Three prominent scientists at the University of Ottawa will share $1,755,851 from the Natural Sciences and Engineering Research Council of Canada (NSERC) and the Canada Institutes for Health Research (CIHR) in support of research that will greatly benefit Canadians' health care.
The funding, part of the Collaborative Health Research Projects program, will support teams comprised of natural sciences or engineering researchers, alongside health sciences researchers. The teams will forge partnerships with non-academic collaborators from government, private or public organizations who will use the research results in making informed decisions on health-related policies, products, programs or practices.
Doctors Boddy, Figeys and Harden are world-leading scientists in their fields. Thanks to this support, their research will lead to important discoveries that will have direct benefits on the health of Canadians and people around the world, said Vice-President, Research Mona Nemer.
The three uOttawa scientists are:
Christopher Boddy Faculty of Science, Department of Chemistry
Development of small molecule viral sensitizers to boost vaccine manufacturing
Professor Boddy's research (in collaboration with Jean-Simon Diallo at the Ottawa Hospital Research Institute research arm of The Ottawa Hospital and affiliated institute of the University of Ottawa and Jeff Smith at Carleton University) will explore small molecule additives that substantially boost the production of virus-based vaccines in cell culture. The results from this study could potentially improve the timely manufacturing of large amounts of vaccine, which is of particular importance during vaccine shortages like those seen during the 2009 H1N1 vaccination program.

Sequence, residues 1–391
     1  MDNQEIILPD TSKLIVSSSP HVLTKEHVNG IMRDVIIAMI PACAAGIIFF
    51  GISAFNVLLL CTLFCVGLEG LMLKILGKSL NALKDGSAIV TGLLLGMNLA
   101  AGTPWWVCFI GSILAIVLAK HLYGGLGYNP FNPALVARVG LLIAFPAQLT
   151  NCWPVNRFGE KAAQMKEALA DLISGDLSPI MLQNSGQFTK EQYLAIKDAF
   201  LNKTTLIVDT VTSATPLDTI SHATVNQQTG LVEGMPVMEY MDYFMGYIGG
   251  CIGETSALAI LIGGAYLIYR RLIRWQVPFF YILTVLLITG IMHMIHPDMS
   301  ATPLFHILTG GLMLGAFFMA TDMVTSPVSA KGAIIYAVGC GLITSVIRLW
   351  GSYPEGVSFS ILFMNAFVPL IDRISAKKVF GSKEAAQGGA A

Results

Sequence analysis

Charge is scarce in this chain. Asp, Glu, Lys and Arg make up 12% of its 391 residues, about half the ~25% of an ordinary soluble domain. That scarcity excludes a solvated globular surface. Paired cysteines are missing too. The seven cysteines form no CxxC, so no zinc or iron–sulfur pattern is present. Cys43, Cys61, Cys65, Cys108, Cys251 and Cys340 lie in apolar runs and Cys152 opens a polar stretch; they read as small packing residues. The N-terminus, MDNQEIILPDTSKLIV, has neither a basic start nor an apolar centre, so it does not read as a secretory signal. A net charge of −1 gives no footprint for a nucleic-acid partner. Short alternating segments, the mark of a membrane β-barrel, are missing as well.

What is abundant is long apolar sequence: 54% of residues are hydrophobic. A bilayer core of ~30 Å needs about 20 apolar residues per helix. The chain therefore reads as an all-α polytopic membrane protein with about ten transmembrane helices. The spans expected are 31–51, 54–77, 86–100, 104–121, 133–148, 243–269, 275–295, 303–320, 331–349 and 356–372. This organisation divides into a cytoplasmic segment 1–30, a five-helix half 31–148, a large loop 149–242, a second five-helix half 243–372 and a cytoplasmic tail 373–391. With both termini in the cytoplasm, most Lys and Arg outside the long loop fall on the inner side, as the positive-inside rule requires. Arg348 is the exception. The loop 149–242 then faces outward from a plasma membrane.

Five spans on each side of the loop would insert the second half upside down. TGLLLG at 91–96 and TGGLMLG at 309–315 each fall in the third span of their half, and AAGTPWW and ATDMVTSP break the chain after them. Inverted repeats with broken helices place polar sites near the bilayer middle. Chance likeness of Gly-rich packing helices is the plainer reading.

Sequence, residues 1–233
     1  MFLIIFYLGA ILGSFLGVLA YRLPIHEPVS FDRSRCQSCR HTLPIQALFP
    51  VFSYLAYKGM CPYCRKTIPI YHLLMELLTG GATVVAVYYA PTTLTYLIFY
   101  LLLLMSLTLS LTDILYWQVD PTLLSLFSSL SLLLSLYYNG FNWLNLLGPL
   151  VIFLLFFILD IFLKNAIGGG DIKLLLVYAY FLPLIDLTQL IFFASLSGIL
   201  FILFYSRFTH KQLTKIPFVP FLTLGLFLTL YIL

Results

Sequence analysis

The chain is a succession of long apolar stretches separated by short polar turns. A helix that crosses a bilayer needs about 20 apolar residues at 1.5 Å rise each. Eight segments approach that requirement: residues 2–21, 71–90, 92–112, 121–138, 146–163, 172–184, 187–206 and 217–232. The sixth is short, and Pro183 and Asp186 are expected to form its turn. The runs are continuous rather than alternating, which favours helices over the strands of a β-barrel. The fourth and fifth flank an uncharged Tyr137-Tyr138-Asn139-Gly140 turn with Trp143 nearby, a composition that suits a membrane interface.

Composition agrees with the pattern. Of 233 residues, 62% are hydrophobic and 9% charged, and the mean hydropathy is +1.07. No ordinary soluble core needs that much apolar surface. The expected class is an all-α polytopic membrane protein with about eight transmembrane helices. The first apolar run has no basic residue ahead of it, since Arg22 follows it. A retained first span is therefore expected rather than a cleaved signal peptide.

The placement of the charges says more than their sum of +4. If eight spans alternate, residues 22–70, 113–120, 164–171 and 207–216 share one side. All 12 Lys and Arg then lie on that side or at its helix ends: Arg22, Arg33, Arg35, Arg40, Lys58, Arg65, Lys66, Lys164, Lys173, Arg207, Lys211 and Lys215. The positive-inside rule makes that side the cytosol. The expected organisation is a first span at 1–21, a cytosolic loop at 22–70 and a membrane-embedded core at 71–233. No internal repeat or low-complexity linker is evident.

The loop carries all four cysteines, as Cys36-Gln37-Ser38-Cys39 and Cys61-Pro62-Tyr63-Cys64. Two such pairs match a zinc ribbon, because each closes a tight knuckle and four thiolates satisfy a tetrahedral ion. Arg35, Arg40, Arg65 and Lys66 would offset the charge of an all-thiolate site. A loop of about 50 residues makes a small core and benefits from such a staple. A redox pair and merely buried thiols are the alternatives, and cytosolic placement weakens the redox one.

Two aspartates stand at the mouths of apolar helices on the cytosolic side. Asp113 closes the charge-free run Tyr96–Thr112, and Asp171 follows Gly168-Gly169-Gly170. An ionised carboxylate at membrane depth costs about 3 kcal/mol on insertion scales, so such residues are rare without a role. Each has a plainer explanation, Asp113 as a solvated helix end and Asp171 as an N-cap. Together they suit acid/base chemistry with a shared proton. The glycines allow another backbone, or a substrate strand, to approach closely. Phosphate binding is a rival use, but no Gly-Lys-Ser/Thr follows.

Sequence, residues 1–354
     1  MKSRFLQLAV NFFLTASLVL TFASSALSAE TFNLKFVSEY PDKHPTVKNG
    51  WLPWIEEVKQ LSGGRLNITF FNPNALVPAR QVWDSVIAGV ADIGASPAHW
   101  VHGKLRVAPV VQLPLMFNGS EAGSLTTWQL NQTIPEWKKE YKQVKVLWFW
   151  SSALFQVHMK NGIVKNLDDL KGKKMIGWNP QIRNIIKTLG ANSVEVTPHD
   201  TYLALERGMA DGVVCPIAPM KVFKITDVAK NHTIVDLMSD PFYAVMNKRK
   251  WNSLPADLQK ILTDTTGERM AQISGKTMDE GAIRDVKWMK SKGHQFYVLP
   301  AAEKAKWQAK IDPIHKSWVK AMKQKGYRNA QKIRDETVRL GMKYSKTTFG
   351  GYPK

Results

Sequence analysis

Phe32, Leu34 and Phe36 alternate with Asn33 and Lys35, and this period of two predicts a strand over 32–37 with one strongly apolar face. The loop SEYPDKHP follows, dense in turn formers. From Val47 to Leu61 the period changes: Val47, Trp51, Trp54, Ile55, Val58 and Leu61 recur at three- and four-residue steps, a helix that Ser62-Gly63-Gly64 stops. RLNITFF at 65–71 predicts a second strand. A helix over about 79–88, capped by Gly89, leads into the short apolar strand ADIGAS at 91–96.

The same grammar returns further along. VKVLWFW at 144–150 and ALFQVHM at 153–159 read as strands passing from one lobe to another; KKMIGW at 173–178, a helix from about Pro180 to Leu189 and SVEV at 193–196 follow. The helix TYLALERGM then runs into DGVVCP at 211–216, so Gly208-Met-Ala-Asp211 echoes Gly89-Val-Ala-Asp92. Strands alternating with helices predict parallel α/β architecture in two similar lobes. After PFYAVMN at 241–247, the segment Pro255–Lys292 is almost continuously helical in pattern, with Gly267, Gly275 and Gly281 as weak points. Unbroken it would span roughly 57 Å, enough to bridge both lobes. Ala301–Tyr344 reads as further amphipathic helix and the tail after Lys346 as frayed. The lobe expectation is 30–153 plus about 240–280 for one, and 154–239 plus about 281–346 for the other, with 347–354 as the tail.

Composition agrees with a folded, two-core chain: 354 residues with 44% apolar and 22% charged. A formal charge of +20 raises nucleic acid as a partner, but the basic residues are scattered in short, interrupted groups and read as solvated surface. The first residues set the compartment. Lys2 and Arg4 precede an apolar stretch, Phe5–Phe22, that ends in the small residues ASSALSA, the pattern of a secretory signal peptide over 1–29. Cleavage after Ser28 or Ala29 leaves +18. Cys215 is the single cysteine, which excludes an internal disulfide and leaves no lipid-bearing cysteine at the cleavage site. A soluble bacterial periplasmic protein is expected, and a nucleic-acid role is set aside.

Daniel Figeys Faculty of Medicine, Department of Biochemistry, Microbiology and Immunology
Microfluidic platforms coupled to mass spectrometry for the quantitative analysis of circulating convertases and substrates
Professor Figeys' research will develop and apply technologies for the study of the secretome/shedome associated with specific secretory proteases. These secretory proteases and their substrates are important players in many human diseases, including cardiovascular diseases, neurodegenerative diseases, mental health, cancer/metastasis and viral infections. The results could directly benefit Canadians by having novel biomarker assays transferred to the clinic for patient screening and developing personalized treatment, and transferred to industrial partners for preclinical assessment.
James Harden Faculty of Science, Department of Chemistry
Anti-microbial scaffold materials for cutaneous wound healing
Professor Harden and his team will create novel nanocomposite biomaterials for skin regeneration based on engineered collagen scaffolds. The results of this research could potentially help heal patients with burned skin or chronic skin wounds arising as a complication of diabetes.
Collaborative Health Research Projects grants are designed to assist new projects that involve interdisciplinary collaborations between any field of the natural sciences or engineering and the health sciences.
The University of Ottawa is committed to research excellence and encourages an interdisciplinary approach to knowledge creation, which attracts the best academic talent from across Canada and around the world. The University is an important stakeholder in the National Capital Region's economic development.